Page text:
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Keep data safe with two-factor authentication

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Keep data safe with two-factor authentication. Two-factor authentication is a more complex login process that can help keep your online accounts and the information you store in the cloud safe, writes U.S. News & World Report data reporter Lindsey Cook. Instead of just using a password to login to your accounts, with two-factor authentication you need a password and a second form of identification—usually your cellphone. Many of the apps and online services you use make it easy to set up two-factor authentication. It will also take a bit longer to log­­in once you set it up, but the security improvement is well worth the trouble, says Cook.

— Adapted from “Keep Your Stuff Safer Than JLaw’s,” Lindsey Cook, U.S. News & World Report.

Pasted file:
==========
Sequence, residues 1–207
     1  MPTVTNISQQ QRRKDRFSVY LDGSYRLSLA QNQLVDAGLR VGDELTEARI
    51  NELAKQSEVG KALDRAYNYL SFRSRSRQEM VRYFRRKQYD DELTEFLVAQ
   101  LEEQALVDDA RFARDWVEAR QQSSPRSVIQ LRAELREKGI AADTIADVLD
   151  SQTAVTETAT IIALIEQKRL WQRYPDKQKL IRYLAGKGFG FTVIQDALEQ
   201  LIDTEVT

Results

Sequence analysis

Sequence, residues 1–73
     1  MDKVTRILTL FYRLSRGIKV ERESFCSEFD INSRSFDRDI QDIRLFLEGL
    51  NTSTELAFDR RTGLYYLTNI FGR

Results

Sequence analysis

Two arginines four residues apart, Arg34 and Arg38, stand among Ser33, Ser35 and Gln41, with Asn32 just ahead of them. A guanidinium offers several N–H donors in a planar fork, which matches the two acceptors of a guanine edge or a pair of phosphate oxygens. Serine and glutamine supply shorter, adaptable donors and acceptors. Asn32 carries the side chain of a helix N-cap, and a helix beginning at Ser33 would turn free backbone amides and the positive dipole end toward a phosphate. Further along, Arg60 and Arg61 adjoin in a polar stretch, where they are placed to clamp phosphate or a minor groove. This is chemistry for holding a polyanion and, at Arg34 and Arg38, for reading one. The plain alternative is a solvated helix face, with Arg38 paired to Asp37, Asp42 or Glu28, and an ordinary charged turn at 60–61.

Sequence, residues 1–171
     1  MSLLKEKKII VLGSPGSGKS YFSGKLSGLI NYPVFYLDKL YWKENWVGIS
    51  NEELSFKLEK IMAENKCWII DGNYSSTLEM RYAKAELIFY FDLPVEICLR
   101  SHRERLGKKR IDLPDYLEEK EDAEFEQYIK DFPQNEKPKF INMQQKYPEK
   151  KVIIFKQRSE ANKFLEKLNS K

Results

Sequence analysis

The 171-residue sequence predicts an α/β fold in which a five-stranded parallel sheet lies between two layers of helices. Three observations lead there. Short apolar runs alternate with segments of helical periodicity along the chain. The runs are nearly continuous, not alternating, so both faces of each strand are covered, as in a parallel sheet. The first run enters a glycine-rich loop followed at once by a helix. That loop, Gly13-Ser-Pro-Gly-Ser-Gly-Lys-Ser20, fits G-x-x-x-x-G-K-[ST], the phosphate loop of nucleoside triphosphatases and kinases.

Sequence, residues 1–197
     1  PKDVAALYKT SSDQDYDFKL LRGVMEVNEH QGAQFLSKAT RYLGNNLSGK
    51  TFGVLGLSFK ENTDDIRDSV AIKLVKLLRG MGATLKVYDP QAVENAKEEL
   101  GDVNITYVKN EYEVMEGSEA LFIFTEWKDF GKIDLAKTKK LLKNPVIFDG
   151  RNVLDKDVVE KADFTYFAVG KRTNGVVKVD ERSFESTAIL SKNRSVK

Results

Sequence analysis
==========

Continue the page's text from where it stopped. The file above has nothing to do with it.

{ 1 comment… read it below or add one }

Hitoshi Anatomi December 4, 2014 at 2:06 am

Using two-factor authentications could help increase security, but this alone could do nothing for mitigating the issue of hours and money lost by the password hassle so long as one of the factors is the same troubling text passwords as before. Only the two-factor authentication coming with an improved password, which is hard-to-break and yet hard-to-forget, could mitigate this issue and contribute to economy as well as security. This is what Expanded Password System, which accepts images as well as texts, is expected to achieve.

By the way, many people shout that the password is dead or should be killed dead. The password could be killed only when there is an alternative to the password. Something belonging to the password (PIN, passphrase, etc)and something dependent on the password (ID federations, 2/multi-factor, etc) cannot be the alternative to the password. Neither can be something that has to be used together with the password (biometrics, auto-login, etc). What could be killed is the text password, not the password.


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